Potential Hardware Change

Discussion in 'Mac Pro' started by prechrchet, Sep 15, 2012.

  1. prechrchet macrumors regular

    Joined:
    Mar 5, 2002
    #1
    Partly academic question, partly not...

    Ok, when someone buys a copy of OS X, the EULA dictates that they only install it on a computer made by Apple.

    Question: if I start upgrading my Mac Pro (possibly changing out the Motherboard/CPU, harddrives, et), at what point does it no longer qualify as an "Apple" computer? If I swap out everything inside my case for newer and better components, is it still considered an "Apple" computer?

    Any idea where the line is drawn?
     
  2. paulrbeers macrumors 68040

    Joined:
    Dec 17, 2009
    #2
    My opinion is the motherboard. Everything else (RAM, hard drives, expansion cards,etc.) are all user replaceable per the warrantee. The motherboard certainly would not be. The EFI on the motherboard is what sets a Mac apart from a PC....
     
  3. strausd macrumors 68030

    Joined:
    Jul 11, 2008
    Location:
    Texas
    #3
    But then don't you still have the right to do that because you purchased an Apple motherboard with the original Mac Pro?

    And does it matter that the OS really just goes on the harddrive?
     
  4. deconstruct60 macrumors 604

    Joined:
    Mar 10, 2009
    #4
    No. If you buy a Mac that doesn't turn a Dell, HP, or 'white box' system into an Apple labeled computer. [ No, sticky a cheesy Apple decal on a white box doesn't make it an Apple labeled computer either. Swapping out to a non-Apple labeled motherboard is effectively the same chessy act as putting on a sticker on the outside. The aluminum case is not a computer. At that point it is just a really expensive sticker. ]


    The OS won't run just on a hard drive. It is a usage license. You are not "using" the OS if it is only on the hard drive. If the OS doesn't come into contact with a CPU and RAM it won't run.


    There is nothing special or distinctive about the media the OS arrived on.
    Where the copy of the code comes from is immaterial. Being in contact with the CPU/RAM to run is subject to the conditions of the license. One of those conditions is that it is an Apple labeled computer.
     
  5. prechrchet thread starter macrumors regular

    Joined:
    Mar 5, 2002
    #5
    I guess this is the question: how do you define "Apple Labeled Computer"?

    Has Apple ever issued any sort of guidelines or standards for this question?
     
  6. derbothaus macrumors 601

    derbothaus

    Joined:
    Jul 17, 2010
    #6
    A computer with an Apple logo on it?
     
  7. prechrchet thread starter macrumors regular

    Joined:
    Mar 5, 2002
    #7
    If this were so, I could build a hackintosh using a Mac Pro case, and it would be fine with Apple. Somehow, I don't think they would go for that.
     
  8. deconstruct60 macrumors 604

    Joined:
    Mar 10, 2009
    #8
    The guidelines are common sense and the trademark laws. I know it is a huge stretch to rely on those but that what they have.

    It is a computer that Apple (not somebody else) put their trademark logo/label on. Apple motherboards have these. All Mac are labeled as products of Apple. That mark of "made by Apple" is the 'label'. Pragmatically, for most users it is the combination of the the two. However, if strip apple's case it motherboard one is minimally necessary since the "naked" board becomes the computer.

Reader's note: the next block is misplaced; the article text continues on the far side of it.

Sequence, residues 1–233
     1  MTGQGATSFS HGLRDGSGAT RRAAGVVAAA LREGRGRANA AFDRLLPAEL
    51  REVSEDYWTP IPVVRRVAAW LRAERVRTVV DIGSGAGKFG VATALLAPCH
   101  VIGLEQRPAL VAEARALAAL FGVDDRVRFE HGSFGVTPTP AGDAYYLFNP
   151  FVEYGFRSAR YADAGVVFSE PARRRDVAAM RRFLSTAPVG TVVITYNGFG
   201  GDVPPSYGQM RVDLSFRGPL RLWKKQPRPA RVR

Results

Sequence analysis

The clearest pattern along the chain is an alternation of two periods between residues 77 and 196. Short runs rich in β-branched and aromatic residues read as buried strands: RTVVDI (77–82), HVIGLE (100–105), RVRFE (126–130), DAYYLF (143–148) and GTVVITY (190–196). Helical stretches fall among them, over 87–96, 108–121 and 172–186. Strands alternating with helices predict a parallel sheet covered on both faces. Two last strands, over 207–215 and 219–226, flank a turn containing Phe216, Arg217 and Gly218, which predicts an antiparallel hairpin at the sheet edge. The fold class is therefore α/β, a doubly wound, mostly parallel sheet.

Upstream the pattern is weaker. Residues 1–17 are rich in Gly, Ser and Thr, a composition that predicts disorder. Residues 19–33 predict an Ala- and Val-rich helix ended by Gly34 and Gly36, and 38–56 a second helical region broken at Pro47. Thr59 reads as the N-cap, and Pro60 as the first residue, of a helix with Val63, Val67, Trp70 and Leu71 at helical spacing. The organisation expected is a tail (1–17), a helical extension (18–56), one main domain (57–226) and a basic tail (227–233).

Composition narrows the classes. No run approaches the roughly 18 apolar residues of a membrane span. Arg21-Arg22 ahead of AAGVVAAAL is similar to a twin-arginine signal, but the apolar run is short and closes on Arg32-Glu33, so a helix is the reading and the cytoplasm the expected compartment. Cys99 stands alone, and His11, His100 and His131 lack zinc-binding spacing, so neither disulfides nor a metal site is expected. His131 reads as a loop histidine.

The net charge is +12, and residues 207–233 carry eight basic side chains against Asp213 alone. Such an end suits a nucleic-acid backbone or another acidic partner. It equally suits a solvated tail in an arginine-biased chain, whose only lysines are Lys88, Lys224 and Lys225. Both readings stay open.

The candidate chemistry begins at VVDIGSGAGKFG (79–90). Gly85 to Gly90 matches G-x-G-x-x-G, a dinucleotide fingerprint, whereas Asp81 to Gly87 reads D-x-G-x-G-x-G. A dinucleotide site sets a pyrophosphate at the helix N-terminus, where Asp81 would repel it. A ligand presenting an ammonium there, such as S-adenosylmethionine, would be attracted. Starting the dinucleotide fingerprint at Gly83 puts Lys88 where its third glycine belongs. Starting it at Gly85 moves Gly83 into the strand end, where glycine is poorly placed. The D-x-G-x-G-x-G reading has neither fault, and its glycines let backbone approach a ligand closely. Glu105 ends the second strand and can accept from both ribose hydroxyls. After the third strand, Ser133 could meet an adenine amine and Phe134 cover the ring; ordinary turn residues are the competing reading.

No 3rd party motherboard is going to have that. If you gut the case it isn't a "computer".

    I common sense litmus test is "if sold a bunch of these would Apple sue?". If you sell several computers that look exactly like Macs but aren't Apple computers ... they'll likely show up. If they are going to sue Samsung because some icons and artifacts are alike, they are certain going to show up when the computer looks exactly like their design (... well because it is their exact design.)

    Now if you put their guts in some harderned case (tough book) or kiosk they probably won't. The relatively obvious intent in that the Apple software be run on the Apple hardware it was designed for. The external case makes no material impact on how that runs.
     
  9. prechrchet thread starter macrumors regular

    Joined:
    Mar 5, 2002
    #9
    So in other words, a best guess is that if the Motherboard stays the same, I am probably ok, but if I change that out I would probably be in violation of the EULA?
     
  10. GermanyChris macrumors 601

    GermanyChris

    Joined:
    Jul 3, 2011
    Location:
    Here
    #10
    I took a 1,1 to 3,1 to include a new MoBo (64 bit EFI) and never gave the EULA any thought. It's still an Apple branded computer just not in the configuration it left the final assembly point in.
     
  11. derbothaus macrumors 601

    derbothaus

    Joined:
    Jul 17, 2010
    #11
    Bummer. You did not feel the sarcasm fire.
    And of course not for the latter comment.
    Just a case with a sticker on it: No.
    Just an Apple branded Mobo and custom procs or something: No
    An Apple branded Mobo and Procs and everything else in a Custom case: Still no.
    We can keep it going but eventually the complete Mac comes into view.
    Only user serviceable parts (as deemed by the manual that came with your Mac dictates) can be swapped out without voiding a warranty. Beyond that they can determine whatever they want. If you don't care, as I don't, you take on your own responsibility with tinkering outcomes. If you care, don't tinker. No company can have support guidelines that covers all the geeks out there doing God knows what with their hardware.
     

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